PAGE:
“Cleo Told Me to Make an Autism Mwareness Blog”
My name is Kourtnie, and I’m on the autism spectrum.
As an autistic woman, I feel a little nagged by the lack of differabilities awareness in my everyday life. But I grew up in Orange County, then moved to Fresno for graduate school—two of the most conservative parts of California—so perhaps my lack of exposure to differabilities awareness correlates with my social landscape.
Social climates, in general, are difficult for me to follow. That’s why I think about society so much—trying to figure out the clockwork, (barely) keeping up.
I’m hoping, as I explore my place in this world, through my autistic lens, I can help illuminate the autistic experience to not only my community, but the Internet at large; because the more neurotypical, or non-autistic, people who understand the autistic experience, the better we’ll be able to thrive in the 21st century together.
We are all around you.
We might as well cohabitate kindly.
I’m also hoping I’ll convince you to read other blogs, books, and stories from actually autistic people; because if there’s someone who should be telling our narrative, it’s us!—yet we are still not considered the experts of our own culture. Much like how women’s rights are often shaped by men, autistic people are shaped by the narrative of neurotypical parents, doctors, and media.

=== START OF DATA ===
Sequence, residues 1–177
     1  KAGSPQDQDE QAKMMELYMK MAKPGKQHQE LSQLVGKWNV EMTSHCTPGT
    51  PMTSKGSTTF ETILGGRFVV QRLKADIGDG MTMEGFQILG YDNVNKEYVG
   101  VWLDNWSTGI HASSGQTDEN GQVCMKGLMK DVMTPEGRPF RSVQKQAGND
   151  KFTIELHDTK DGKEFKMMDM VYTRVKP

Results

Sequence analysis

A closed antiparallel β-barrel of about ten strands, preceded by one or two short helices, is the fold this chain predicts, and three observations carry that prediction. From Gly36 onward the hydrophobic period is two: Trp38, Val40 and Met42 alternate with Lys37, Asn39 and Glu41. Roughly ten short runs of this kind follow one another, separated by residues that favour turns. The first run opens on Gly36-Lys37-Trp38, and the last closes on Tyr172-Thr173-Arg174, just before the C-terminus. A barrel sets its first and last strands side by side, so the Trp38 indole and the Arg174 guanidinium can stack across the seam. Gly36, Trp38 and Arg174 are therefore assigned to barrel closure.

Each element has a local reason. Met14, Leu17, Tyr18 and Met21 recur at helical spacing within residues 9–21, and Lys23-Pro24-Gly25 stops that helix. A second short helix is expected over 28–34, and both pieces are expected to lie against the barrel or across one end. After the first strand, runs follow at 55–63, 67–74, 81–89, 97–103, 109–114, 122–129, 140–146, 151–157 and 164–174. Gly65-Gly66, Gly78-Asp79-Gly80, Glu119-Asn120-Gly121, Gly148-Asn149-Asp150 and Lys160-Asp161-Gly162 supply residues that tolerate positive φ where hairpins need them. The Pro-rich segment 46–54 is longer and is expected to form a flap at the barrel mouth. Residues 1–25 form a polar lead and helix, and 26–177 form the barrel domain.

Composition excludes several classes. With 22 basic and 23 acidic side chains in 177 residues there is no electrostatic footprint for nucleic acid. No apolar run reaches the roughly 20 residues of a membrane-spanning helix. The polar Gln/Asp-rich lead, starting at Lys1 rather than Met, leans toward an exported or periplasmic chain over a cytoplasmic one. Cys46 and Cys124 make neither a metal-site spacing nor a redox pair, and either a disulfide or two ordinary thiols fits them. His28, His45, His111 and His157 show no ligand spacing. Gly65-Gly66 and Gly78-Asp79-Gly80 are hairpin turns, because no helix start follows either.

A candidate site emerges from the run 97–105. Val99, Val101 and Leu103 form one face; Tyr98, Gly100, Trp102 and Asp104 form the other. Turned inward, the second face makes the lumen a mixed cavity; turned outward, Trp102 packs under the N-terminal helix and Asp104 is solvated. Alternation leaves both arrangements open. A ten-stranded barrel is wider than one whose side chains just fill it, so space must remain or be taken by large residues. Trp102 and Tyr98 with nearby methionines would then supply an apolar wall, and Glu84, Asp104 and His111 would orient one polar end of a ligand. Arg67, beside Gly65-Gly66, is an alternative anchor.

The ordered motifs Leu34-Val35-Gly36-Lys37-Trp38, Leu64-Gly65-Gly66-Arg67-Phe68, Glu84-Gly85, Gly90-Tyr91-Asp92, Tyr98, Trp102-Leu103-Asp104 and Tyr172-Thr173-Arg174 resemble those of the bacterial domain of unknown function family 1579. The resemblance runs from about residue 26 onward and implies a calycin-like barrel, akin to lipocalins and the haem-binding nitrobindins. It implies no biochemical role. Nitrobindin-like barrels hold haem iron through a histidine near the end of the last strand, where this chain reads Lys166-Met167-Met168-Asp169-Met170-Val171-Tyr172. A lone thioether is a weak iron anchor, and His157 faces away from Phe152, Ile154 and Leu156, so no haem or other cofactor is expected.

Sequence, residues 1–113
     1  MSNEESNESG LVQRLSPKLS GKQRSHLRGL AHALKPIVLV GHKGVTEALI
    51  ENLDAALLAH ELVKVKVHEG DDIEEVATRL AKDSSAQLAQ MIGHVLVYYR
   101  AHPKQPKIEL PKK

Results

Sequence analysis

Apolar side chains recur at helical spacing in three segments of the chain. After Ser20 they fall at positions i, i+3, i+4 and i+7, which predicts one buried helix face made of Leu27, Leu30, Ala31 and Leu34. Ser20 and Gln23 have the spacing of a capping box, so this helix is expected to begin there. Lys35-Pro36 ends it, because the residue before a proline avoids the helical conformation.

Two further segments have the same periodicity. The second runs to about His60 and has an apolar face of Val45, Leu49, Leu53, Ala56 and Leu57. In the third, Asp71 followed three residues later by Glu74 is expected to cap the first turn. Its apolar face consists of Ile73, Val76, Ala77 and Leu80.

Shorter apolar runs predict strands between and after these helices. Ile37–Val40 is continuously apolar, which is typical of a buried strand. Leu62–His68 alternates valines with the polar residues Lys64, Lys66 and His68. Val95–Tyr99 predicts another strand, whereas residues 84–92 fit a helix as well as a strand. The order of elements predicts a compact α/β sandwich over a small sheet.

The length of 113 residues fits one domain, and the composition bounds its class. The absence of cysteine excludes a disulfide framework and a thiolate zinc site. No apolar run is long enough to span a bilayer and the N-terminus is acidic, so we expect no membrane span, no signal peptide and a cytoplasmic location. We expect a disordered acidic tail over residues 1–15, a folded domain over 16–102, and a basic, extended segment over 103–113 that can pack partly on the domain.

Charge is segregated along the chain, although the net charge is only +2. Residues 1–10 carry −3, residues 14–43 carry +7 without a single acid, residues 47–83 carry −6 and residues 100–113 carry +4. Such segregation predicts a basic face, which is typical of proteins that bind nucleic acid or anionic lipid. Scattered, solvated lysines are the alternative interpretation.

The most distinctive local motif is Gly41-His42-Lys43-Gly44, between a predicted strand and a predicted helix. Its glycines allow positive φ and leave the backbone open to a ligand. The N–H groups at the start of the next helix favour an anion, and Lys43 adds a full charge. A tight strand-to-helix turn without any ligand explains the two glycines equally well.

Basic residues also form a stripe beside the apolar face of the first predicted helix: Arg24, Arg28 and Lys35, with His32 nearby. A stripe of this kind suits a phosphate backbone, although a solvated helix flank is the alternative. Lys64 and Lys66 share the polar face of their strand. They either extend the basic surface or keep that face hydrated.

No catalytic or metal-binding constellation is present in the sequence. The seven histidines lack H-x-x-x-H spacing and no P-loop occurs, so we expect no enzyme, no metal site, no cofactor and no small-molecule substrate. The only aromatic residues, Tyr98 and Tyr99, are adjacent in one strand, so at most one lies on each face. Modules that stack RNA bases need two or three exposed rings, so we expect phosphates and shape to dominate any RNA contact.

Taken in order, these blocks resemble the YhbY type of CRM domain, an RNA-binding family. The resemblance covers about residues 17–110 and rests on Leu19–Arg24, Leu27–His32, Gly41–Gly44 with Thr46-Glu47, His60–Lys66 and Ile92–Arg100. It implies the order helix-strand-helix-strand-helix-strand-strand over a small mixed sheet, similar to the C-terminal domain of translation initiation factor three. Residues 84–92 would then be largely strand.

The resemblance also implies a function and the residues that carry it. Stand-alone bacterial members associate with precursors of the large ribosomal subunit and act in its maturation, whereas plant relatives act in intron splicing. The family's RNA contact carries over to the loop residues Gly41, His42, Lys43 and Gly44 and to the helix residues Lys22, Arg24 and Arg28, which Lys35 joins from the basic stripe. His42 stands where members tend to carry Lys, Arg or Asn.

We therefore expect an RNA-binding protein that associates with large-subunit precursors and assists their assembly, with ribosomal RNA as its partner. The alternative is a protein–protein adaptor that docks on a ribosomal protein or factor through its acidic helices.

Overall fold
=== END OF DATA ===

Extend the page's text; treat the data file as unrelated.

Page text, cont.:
In April 2018, for Autism Awareness Month—in addition to a second year of pretending I’m a farmer in our backyard—I wanted to begin this journey of sharing my life experiences on the Internet, to further an authentic, public conversation about autism.
So let’s get started, shall we?
This is Cleo
I named my autism awareness blog after my childhood cat, Cleo, because I thought she was the most misunderstood of all our animals. Similarly, I felt misunderstood as a child; so you could say, I often saw myself through Cleo.
For example, Cleo needed more distance than most cats—she was especially particular about when and where you could pet her!—and rather than push her past these fragile boundaries, my mother said, “You just need to get her.”
Then she proceeded to show me how “to get” Cleo—the fine art of reading behavior.
Thank you, Cleo, for teaching me that all individuals have their own sensory experiences and boundaries. Thank you, Mom, for translating for Cleo; we were lost without the help. I learned a surprisingly great deal about how to read humans, all through lessons on how to interpret cats; it was pretty cool.
Dear reader, I now hope I can teach you about my weird sensory experiences, the way my mom and Cleo taught me things. I hope I can help elucidate a brand new world of ideas. I’d like for us to expand your realm of empathy—to include the autistic experience in your understanding of the world.